When faced with punishment and/or reward scenarios, specific synapses strengthen their signals and connectivity via Hebb’s synaptic law; leading to both short-term and long-term cumulative changes (Shigeno et. al, ). As previously mentioned, while the synaptic plasticity and neural mechanisms of their familial relatives the Aplysia have been extensively studied, there is still a lot to be learned from the much more complex cephalopod system of learning and memory. An area of particular interest for future research should be the way in which the animal eventually deteriorates. For all of its evolutionary survival adaptations, the life-span of a cephalopod averages only 2 years, at which time they begin to neurally deteriorate. Two-year-old cuttlefish have been shown to take longer to learn avoidance tasks and were much more variable in their learning capacities, similar to what can be seen in human elders. Older cuttlefish are often observed detecting prey, but then display difficulty capturing it, often undershooting their tentacles or failing to orient correctly.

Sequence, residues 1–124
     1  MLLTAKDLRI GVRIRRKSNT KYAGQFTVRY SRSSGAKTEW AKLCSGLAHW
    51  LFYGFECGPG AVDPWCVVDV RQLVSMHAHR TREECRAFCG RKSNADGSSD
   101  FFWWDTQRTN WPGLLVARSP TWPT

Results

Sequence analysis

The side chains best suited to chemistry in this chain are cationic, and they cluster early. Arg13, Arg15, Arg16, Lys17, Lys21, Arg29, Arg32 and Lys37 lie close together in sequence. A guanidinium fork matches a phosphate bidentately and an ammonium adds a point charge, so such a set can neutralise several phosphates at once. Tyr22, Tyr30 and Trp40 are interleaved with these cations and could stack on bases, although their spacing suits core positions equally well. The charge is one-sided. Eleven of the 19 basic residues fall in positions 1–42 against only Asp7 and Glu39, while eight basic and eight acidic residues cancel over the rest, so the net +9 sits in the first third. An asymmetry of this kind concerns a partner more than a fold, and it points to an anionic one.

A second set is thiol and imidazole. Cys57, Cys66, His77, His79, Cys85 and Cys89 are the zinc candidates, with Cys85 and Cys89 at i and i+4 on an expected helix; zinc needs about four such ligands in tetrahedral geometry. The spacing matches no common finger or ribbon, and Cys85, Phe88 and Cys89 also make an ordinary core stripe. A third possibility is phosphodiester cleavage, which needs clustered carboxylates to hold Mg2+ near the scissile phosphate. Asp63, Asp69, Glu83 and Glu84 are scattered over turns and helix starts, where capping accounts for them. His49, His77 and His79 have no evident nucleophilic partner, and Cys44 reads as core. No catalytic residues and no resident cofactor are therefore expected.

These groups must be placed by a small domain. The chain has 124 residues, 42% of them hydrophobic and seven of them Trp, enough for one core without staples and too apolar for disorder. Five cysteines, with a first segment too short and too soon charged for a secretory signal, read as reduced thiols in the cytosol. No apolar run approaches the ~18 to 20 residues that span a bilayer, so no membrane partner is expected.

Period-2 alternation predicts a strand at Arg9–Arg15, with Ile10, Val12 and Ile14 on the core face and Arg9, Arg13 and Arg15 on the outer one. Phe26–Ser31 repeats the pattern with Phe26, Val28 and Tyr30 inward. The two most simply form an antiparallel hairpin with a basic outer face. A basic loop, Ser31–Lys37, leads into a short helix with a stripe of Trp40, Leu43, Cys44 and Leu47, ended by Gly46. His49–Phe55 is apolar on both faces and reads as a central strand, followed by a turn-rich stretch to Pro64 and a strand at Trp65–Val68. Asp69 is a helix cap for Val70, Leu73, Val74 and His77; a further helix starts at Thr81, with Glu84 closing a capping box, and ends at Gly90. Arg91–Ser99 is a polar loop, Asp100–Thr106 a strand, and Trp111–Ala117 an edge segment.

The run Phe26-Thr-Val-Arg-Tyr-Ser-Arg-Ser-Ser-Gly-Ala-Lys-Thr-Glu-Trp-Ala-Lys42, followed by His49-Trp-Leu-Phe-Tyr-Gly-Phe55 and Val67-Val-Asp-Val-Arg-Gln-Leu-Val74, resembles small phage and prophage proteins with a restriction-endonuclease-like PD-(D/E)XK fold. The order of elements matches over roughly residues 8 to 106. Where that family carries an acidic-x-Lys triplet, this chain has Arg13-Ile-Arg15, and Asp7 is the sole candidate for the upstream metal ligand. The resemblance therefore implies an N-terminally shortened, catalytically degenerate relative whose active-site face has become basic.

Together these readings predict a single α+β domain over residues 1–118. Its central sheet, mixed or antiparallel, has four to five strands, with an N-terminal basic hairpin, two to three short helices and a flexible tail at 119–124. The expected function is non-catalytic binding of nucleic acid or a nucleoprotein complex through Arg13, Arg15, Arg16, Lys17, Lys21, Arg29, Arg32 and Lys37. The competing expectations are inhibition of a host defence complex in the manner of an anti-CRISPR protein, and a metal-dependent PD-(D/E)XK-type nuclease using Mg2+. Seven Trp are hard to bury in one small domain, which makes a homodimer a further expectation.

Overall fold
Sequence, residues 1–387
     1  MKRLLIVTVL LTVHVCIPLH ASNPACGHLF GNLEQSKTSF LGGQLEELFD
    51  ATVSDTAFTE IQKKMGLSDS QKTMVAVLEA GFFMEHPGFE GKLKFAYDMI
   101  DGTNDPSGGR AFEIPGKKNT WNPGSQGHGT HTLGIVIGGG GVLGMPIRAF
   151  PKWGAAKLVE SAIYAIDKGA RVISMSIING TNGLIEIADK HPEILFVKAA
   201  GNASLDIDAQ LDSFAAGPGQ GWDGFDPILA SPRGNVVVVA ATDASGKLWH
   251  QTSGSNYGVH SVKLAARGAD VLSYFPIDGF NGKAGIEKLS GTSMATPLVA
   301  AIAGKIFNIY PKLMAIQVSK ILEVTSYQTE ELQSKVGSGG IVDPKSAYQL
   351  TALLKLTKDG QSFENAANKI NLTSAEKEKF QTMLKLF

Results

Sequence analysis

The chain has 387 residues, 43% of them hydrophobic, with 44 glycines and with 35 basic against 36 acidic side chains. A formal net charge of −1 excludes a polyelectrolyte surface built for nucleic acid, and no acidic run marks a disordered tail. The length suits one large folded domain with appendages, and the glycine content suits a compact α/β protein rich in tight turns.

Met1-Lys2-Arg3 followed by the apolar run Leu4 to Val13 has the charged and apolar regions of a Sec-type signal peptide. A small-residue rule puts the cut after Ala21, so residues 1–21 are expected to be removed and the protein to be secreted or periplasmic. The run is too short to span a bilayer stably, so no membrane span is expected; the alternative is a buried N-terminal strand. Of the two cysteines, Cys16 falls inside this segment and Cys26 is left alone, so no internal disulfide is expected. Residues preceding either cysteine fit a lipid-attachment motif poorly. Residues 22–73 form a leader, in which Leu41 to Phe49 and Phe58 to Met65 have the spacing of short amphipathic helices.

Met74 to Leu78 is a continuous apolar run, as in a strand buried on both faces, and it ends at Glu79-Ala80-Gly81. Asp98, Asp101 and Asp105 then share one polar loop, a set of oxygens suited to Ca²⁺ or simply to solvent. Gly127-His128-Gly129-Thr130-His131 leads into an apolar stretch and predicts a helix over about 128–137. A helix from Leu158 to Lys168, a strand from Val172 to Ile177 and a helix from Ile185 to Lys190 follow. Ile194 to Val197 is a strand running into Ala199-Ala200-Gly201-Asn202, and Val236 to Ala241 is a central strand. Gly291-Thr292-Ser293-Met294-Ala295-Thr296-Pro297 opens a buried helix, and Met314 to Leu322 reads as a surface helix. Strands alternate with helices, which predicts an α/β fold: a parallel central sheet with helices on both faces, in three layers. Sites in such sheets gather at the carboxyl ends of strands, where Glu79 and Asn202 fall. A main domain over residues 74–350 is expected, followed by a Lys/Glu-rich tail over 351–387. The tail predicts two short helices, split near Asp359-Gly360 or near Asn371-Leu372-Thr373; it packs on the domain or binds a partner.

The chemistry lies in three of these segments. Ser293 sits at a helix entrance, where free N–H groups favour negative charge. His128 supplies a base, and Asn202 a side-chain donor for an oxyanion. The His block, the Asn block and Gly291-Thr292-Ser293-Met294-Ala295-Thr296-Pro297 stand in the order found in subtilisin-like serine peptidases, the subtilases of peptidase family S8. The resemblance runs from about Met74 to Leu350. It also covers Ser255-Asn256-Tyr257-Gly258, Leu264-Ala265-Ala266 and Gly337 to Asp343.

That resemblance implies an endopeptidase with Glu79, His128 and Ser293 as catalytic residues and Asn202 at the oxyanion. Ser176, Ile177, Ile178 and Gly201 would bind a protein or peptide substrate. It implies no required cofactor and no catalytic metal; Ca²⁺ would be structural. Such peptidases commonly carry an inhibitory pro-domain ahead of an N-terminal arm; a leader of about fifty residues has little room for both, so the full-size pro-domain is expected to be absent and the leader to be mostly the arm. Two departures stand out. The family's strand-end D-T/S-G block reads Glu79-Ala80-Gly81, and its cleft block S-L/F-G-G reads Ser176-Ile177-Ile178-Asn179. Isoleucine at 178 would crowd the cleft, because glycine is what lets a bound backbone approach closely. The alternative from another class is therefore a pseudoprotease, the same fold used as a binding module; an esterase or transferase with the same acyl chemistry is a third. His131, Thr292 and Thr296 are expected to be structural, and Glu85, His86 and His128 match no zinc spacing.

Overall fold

When a neuro-analysis was done on these senescent cuttlefish their brains showed accumulation of granules representing axon degeneration in the motor centers (peduncle area and basal lobes), paralleling the initial degeneration seen in Alzheimer’s (Mather & Anderson, 1999). Discussion & Limitations Through the various observations and experiments conducted to date on cephalopods it is clear that they demonstrate several complex cognitive abilities that had often been thought to be exclusive to vertebrates. Rather, it would appear that in the evolutionary divergence of intelligence, invertebrates were not excluded. Instead it appears that many of the mechanisms behind our own learning and memory apply to higher intelligence in cephalopods as well. As mentioned above, there is much more research that must be done in this area, in particular to further piece together the similarities and differences in neural processing between cephalopods and humans.